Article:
And like corn basis bids, soybean basis bids also trended higher Wednesday, moving up 1 to 6 cents across multiple Midwestern locations. Prices remained steady at the majority of locations. 

Ahead of USDA’s next export report, out Thursday morning, trade analysts expect soybean exports for the week ending April 19 to range between 29.4 million and 51.4 million bushels. 

Analysts also anticipate soymeal sales between 100,000 and 300,000 metric tons, with another 8,000 to 30,000 MT in soyoil sales.

The latest International Grains Council estimate for Argentina’s 2017/18 soybean crop is down to 1.396 billion bushels as hot, dry weather has plagued the country’s crops for much of the growing season. Early IGC forecasts had been as high as 2.58 billion bushels for the world’s No. 3 soybean exporter.

Preliminary volume estimates were for 248,975 contracts, down slightly from Tuesday’s final count of 267,011.


Wheat prices were up after a round of short-covering guarded against potentially lower-yielding winter wheat crops and possible delays in spring wheat planting. May Chicago SRW prices were up 13.75 cents to $4.8625, May Kansas City HRW prices added 14 cents to $5.26, and May MGEX spring wheat prices nearly made it back to $6, gaining 6.75 cents to $5.9850.

Ahead of USDA’s next export report, out Thursday morning, trade analysts expect wheat exports for the week ending April 19 to range between 1.8 million and 20.2 million bushels.

Russian could export a record 1.470 billion bushels of wheat during its 2018 agricultural season, according to the country’s IKAR consultancy, which estimates wheat exports could account for nearly 77% of the country’s total grain exports this year.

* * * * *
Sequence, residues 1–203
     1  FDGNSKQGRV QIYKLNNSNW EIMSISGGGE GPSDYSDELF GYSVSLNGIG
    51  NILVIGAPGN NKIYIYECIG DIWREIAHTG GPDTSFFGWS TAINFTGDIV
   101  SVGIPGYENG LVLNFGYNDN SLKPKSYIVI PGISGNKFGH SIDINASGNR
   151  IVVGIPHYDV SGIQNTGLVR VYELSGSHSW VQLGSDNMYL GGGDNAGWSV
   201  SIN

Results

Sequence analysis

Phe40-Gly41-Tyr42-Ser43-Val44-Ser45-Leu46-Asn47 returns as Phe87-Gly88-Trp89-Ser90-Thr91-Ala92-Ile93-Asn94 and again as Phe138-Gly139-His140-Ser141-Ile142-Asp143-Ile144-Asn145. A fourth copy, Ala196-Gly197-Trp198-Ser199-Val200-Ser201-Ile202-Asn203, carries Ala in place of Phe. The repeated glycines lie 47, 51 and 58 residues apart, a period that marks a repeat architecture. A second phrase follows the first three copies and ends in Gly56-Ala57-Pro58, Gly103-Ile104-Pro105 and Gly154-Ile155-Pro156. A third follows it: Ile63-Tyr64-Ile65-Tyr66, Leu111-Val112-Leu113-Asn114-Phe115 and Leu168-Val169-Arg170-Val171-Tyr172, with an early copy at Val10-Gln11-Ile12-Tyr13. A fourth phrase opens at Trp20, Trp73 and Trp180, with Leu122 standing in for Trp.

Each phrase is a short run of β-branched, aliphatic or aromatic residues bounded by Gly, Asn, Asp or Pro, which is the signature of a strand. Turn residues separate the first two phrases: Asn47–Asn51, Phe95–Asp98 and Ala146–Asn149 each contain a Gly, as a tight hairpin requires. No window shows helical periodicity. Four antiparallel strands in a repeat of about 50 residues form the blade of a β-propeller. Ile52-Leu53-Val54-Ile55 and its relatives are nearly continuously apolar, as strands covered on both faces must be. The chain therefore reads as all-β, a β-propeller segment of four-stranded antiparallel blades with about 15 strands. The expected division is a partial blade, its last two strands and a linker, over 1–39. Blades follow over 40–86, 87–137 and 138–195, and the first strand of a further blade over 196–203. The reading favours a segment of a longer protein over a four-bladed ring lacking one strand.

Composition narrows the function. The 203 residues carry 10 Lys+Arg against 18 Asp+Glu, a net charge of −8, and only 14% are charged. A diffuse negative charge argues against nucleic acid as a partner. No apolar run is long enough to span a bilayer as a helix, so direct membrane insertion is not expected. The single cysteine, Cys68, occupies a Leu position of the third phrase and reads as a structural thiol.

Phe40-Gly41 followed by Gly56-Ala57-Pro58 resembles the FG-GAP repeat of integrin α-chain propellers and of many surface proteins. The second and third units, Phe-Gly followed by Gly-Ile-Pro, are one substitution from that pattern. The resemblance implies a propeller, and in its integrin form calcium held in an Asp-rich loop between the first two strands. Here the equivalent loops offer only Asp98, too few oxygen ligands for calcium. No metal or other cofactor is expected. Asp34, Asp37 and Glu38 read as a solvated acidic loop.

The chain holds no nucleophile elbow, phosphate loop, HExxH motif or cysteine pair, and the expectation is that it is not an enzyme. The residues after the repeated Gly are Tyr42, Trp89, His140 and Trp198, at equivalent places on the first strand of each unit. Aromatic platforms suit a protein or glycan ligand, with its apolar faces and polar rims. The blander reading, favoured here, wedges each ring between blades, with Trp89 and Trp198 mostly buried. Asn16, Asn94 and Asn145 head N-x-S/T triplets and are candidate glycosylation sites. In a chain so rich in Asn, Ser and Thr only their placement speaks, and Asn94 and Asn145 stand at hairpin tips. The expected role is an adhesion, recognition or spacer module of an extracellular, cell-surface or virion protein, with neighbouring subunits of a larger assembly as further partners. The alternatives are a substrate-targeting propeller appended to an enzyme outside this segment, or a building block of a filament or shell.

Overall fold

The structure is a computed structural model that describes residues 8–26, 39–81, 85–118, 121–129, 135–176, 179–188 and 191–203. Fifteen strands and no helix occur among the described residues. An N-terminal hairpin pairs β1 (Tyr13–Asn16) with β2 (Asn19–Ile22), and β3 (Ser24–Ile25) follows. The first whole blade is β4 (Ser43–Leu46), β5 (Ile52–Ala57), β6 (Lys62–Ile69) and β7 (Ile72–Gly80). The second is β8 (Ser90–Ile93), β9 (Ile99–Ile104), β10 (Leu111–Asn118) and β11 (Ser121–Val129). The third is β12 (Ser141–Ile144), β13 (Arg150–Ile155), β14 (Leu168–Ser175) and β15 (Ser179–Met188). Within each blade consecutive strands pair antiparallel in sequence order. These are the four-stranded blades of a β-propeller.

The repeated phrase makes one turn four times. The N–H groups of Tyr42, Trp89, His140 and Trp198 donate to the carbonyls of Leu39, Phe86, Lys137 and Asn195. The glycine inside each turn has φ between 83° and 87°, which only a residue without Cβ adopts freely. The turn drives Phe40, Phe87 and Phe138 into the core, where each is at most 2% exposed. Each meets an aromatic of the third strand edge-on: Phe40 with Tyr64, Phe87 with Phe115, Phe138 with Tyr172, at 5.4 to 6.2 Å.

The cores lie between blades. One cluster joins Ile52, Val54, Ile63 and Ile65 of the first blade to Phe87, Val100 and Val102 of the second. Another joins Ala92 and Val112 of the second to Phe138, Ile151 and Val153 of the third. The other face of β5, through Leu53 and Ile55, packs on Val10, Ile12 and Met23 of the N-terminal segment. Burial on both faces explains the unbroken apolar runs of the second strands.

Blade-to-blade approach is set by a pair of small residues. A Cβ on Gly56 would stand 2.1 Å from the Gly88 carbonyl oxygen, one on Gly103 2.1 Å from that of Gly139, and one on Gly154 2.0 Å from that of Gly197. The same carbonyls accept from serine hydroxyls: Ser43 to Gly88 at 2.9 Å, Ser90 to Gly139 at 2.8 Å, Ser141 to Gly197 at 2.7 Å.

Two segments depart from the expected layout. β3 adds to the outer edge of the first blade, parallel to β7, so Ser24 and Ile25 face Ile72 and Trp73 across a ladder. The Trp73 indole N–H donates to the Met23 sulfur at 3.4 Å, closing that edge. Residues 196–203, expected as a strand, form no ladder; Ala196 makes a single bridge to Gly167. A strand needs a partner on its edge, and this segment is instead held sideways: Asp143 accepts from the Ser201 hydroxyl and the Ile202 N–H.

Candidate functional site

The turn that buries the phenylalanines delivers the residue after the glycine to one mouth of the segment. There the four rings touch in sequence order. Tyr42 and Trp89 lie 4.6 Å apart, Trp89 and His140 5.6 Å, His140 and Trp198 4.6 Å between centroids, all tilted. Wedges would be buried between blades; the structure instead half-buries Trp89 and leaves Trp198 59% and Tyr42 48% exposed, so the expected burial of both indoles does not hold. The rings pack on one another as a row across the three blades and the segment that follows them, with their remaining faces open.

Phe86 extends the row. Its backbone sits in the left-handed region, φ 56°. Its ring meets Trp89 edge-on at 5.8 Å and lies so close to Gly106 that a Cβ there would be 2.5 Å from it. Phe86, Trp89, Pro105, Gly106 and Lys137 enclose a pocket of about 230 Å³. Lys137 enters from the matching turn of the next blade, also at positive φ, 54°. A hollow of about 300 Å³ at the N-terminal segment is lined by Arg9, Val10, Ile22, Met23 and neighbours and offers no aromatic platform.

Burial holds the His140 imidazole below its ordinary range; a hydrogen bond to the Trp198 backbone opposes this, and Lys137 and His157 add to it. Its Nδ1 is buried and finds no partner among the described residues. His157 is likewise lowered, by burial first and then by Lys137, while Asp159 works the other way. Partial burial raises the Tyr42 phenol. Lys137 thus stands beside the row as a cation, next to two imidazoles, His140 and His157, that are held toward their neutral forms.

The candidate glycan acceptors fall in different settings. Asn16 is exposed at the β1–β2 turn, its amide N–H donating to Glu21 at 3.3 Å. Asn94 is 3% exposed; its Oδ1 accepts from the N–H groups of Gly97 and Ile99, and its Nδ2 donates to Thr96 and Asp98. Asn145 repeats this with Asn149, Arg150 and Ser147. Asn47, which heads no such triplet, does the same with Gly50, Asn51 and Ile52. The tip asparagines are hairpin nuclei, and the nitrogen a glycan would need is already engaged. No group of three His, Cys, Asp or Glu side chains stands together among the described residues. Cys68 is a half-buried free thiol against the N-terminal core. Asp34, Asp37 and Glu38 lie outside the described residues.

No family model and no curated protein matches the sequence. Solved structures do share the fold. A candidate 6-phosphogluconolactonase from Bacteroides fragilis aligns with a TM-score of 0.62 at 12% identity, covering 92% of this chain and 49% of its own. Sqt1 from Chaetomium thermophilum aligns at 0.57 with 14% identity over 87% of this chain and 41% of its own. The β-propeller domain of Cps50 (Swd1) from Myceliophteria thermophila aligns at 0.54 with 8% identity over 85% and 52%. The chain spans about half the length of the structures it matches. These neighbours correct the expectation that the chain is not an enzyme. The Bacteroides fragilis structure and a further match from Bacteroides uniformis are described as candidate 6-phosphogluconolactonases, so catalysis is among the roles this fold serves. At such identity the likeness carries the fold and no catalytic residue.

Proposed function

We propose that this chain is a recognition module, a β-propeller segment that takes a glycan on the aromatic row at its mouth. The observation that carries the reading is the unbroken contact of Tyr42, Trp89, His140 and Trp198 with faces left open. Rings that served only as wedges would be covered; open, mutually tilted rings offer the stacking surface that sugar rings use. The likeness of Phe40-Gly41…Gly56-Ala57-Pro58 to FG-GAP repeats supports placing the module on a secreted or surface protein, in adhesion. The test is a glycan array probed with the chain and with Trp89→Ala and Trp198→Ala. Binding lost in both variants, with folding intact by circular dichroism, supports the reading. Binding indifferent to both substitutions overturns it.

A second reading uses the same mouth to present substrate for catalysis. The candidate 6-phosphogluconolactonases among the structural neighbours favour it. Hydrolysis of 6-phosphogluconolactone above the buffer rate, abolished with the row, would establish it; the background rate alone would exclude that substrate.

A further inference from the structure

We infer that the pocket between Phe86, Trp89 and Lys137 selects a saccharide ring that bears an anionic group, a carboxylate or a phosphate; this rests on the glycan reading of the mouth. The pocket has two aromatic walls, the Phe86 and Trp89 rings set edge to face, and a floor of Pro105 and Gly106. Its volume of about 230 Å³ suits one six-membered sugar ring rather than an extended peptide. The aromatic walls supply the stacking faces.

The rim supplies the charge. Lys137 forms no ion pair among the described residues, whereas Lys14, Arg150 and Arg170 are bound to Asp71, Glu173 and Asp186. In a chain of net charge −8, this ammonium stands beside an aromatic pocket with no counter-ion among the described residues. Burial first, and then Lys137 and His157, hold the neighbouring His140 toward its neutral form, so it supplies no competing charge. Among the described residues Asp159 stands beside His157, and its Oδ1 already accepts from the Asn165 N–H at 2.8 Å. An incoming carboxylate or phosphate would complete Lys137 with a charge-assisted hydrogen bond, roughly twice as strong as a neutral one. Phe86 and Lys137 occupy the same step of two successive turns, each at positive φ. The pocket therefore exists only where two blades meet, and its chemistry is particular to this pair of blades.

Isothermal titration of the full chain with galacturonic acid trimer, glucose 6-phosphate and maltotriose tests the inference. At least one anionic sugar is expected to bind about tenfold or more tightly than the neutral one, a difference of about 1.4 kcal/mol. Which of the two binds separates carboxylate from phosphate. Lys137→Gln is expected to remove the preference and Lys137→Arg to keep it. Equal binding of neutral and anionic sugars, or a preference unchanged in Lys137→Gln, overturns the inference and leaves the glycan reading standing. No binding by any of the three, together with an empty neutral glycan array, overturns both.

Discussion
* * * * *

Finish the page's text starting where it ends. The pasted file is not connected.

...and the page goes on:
India could produce a record amount of grains for its 2018/19 crop season, according to the latest projections from the country’s farm ministry. That could include wheat production totaling 3.674 billion bushels of wheat. Rice and oilseeds round out the country’s most common crops.

The latest Argentina wheat planting projections from the country’s Buenos Aires Grains Exchange could total nearly 14.6 million acres for 2018/19. If poor weather conditions prevail during the country’s planting season, acreage could slip to as little as 13.3 million acres. 

China has sold 16 million bushels of its state reserves of wheat at auction Wednesday, which was 21.05% of the total amount available for sale.

Taiwan purchased 3.4 million bushels of milling wheat from the U.S. in an international tender that closed last week. The grain is for shipment starting in early June.

South Korea has purchased 2.3 million bushels of feed wheat from optional origins in a tender that closed Wednesday. The grain will ship between late July and early September.

Receiving just one offer, Jordan opted to make no purchases in its tender for 3.7 million bushels of wheat, which closed Wednesday. 

Preliminary volume estimates were for 130,983 CBOT contracts, down slightly from Tuesday’s final count of 135,298.


Corn Outlook

Soybean Outlook

Wheat Outlook